Pittsburgh Plays Brooklyn in ‘A New York Heartbeat’
The throwback gangster flick, set in 1950s New York City, debuts exclusively at Regent Square Theater.
In 2010, an independent film crew somewhat frantically gathered around Pittsburgh to shoot A New York Heartbeat, a throwback gangster flick set in late-’50s Brooklyn. Through the vagaries of film sales and distribution, the finished product is only now seeing the light of day — and the film’s producers were kind enough to tap Pittsburgh as the site for Heartbeat’s world premiere via an exclusive two-week engagement beginning tomorrow at Regent Square Theater.
A gang of wannabe wise guys led by cocky Spider (Escher Holloway) thinks they have a lead on a small-time heist. Upon arrival, they discover a much bigger prize than expected: an impressive mountain of cash. As they shove the bills into a suitcase, they realize they’re in a safe house run by notorious thug Casket Mike (Oscar-nominated character actor Eric Roberts); most of the crew escapes, but Spider and the cash tumble to the street below.
After he finds himself on the losing end of an unrelated scuffle, Spider wakes up in a penthouse apartment under the care of Tamara (Rachel Brosnahan, best known for the Netflix series “House of Cards”). They’re not alone in the apartment, though, and the old man in the next room has a pretty big secret — and an unlikely connection to that pile of money.
Despite the violent world New York Heartbeat inhabits, it’s a bit of a fairy tale. Spider’s crew of hoodlums has more in common with the kids in Stand by Me than big-screen mafiosos; secluded Tamara is closer to Rapunzel than Meadow Soprano. There’s a sweetness and a nostalgia to this story, gritty though it may be. That contrast gives Heartbeat a great deal of its charm.
The rest of the charm comes from the setting — odd, since it’s a New York story filmed in Pittsburgh. During filming, director Tjardus Greidanus told me that Pittsburgh looks more like 1950s Brooklyn than modern Brooklyn does because Pittsburgh’s architecture and character lend an authenticity that newly gentrified Brooklyn doesn’t. I hope audiences around the country buy the substitution. Pittsburghers will undoubtedly recognize locations instantly, including a few Strip District landmarks. Whatever the location, the streets and aging buildings are a character unto themselves.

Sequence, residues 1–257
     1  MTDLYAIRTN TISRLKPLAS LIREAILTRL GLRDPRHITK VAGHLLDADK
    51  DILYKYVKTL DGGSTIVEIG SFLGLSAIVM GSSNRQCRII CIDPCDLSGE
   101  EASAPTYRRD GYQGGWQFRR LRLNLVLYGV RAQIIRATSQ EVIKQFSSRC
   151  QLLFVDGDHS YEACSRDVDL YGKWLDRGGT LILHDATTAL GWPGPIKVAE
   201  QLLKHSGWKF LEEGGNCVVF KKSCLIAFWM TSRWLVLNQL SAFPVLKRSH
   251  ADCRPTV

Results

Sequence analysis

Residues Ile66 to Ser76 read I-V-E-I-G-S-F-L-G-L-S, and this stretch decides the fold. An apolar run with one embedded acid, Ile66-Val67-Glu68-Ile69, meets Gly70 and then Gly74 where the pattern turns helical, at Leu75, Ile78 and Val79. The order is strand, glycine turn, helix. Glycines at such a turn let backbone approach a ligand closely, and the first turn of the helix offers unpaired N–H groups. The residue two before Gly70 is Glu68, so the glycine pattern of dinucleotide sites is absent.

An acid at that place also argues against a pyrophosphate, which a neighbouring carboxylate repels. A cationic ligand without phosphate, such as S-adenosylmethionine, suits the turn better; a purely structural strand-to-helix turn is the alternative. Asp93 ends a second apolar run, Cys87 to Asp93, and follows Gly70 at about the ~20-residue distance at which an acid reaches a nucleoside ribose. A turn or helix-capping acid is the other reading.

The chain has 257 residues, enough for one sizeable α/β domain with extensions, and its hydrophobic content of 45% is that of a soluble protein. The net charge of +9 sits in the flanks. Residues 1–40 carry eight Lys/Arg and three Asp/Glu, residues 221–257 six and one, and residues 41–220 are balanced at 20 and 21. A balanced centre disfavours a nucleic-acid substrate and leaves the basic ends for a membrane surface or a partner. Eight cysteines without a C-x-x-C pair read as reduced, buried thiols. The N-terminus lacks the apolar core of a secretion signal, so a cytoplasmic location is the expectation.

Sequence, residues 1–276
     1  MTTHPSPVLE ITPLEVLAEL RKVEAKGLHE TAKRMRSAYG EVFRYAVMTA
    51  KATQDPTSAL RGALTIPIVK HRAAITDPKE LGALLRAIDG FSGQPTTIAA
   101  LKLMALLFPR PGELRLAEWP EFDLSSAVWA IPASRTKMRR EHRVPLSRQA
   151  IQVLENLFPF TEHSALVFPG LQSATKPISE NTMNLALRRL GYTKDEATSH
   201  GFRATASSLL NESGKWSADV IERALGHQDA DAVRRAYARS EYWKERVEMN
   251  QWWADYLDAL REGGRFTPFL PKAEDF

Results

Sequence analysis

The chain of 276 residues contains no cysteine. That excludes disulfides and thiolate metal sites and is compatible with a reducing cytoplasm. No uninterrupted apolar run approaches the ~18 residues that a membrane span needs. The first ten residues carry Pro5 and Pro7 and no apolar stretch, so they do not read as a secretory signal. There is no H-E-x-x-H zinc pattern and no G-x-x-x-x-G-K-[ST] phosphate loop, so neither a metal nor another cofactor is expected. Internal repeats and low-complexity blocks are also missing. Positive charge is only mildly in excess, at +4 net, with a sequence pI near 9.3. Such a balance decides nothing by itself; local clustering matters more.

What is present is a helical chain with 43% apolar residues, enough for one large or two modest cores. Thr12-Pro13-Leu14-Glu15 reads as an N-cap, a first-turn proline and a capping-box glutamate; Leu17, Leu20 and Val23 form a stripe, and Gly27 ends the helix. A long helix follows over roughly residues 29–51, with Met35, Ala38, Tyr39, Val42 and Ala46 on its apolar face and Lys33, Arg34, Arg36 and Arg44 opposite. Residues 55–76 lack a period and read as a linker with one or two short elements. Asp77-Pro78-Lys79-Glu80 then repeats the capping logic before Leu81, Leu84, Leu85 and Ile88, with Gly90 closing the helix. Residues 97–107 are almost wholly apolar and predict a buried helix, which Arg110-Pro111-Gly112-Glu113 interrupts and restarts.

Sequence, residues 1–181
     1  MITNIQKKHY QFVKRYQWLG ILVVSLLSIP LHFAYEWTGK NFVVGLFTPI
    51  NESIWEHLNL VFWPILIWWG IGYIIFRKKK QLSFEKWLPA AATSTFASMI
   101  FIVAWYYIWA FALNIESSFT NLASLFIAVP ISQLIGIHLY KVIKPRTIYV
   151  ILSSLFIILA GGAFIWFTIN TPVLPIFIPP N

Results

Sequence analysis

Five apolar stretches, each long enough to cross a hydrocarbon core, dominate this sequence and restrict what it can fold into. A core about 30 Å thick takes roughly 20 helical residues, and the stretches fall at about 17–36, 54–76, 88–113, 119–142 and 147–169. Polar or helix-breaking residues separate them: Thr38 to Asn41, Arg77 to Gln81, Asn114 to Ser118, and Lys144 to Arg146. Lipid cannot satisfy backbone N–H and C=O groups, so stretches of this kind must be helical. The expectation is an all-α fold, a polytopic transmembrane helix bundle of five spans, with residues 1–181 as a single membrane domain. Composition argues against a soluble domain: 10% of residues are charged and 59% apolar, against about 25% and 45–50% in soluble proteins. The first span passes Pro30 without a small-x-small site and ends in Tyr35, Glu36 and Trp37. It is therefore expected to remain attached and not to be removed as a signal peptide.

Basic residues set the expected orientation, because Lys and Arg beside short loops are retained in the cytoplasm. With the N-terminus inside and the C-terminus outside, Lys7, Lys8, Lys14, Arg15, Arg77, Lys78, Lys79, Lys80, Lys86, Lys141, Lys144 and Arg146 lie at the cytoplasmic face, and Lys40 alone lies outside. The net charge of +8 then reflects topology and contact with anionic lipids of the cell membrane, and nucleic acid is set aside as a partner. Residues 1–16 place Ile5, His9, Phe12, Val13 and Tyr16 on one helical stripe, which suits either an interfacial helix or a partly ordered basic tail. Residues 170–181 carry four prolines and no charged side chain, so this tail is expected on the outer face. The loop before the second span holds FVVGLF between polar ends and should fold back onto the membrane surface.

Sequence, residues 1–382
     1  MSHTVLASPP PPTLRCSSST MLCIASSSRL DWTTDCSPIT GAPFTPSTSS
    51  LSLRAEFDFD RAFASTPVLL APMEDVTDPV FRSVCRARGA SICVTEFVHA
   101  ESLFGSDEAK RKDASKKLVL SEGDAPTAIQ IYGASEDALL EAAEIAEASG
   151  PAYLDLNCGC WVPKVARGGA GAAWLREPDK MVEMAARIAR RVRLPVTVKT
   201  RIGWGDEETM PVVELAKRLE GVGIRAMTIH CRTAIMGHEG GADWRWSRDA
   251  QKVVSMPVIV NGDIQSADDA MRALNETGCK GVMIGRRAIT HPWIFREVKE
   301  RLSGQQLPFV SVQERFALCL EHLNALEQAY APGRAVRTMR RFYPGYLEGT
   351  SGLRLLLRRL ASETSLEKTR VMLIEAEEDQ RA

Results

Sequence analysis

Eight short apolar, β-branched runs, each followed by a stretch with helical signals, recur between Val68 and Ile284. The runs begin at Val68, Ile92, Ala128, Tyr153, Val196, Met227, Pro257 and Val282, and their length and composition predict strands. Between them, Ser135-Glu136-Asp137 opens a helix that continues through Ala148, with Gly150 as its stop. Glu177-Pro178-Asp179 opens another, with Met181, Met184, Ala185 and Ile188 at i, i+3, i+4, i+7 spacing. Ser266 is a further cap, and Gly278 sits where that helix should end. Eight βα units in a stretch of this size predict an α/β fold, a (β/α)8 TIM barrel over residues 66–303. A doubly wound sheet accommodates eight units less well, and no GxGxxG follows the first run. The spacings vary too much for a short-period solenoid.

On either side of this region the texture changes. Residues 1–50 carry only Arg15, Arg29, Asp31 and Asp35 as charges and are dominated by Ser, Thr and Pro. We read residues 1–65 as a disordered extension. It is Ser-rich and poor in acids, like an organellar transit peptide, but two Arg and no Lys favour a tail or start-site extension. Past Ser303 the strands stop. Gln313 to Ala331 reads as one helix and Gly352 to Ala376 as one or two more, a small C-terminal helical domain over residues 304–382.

Alongside Roberts, an underrated legend, and fellow Hollywood vet Jack Donner (instantly recognizable to old-school Star Trek fans) the film’s mostly young cast does fine work. Brosnahan’s stock has risen considerably since filming Heartbeat. Along with “House of Cards,” she had a supporting role in this year’s Beautiful Creatures and tackled a tough role in “Grey’s Anatomy.” Here, she carries the film, giving a world of outsized characters a relatable center of gravity.
There’s a pleasantly breezy flow to Heartbeat’s story that gives it an adventurous feel. The speed with which the gang is swept up into trouble is a remedy to 100 bloated Hollywood setups. The caveat, though: Occasionally, key events are under way before you’re led to expect them. It sort of sneaks up on you. Heartbeat can feel a bit thin as a result, but that may be more due to its somewhat traditional story structure, which stands in sharp contrast to more modern, plot-packed dramas.
While it may not resonate with some audiences, Heartbeat is an enjoyable film full of small delights and fine performances. Locally, it’s also a great reminder that not all the films made in Pittsburgh are Hollywood products. Independent film is alive and well around here, even as the future of Pennsylvania as a filming site is kept in limbo by Harrisburg.
That’s a larger issue than I have space for here, but if you’d like to support local moviemaking this month, buying a ticket for A New York Heartbeat is a great way to do it.
(1035 S. Braddock Ave., Regent Square; July 12-25; click here for showtimes and ticket info)